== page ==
3. Identify your negative responsibilities

There are two types of responsibilities; those we want and willingly take on, and those given to us by other people.

The first type of responsibility means we spend our time on things we deem important. It could be coaching our child’s sports team, cleaning the house, or booking date night.

The second type of responsibility is where the frustration comes from. We are given responsibilities that we don’t want and then feel like we are wasting our time because we would rather be doing something else.

If we can identify the responsibilities given to us by other people, the negative ones that we don’t want, we can begin to explore ways to hand those responsibilities back. In some cases, it may be as simple as telling everyone involved that you wish to spend your time differently and that you are no longer able to complete that responsibility. Other situations and conversations may be a little tougher, but the key point is about first identifying the responsibilities where we feel like we are wasting our time.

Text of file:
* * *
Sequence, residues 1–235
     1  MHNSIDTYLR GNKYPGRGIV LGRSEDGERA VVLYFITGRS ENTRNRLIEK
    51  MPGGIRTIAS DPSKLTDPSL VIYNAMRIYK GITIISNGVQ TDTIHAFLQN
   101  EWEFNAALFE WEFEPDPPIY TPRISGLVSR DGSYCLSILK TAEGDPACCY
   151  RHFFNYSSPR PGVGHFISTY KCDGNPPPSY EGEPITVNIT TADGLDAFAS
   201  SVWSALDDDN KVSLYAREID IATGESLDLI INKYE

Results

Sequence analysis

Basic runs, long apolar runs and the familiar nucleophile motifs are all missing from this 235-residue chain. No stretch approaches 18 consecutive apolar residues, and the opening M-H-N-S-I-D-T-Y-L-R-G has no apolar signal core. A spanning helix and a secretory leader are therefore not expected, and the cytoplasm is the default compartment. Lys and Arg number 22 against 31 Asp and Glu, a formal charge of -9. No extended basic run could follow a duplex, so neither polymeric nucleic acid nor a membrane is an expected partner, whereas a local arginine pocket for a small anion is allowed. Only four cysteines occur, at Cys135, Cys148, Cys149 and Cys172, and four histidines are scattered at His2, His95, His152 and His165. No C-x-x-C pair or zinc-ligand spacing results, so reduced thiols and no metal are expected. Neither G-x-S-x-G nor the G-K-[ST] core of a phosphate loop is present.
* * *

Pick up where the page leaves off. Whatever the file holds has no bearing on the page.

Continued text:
4. Question other people’s priorities

There are also two types of priorities; our priorities, and other people’s. The problem with other people’s priorities is that they will often try to make them our priorities. Like the boss asking for a report before the end of the day just as we were about to leave the office. The report is their priority and not ours, but the boss is hoping it becomes our priority and we get it done.

If spending time with family is a priority for you then it should be at the top of your list. Everything else will come in under that top priority.

In this example of the boss asking for a report, we can respond by seeking clarification of where this new request fits in with everything else we have going on, or tell them when we can get to their request.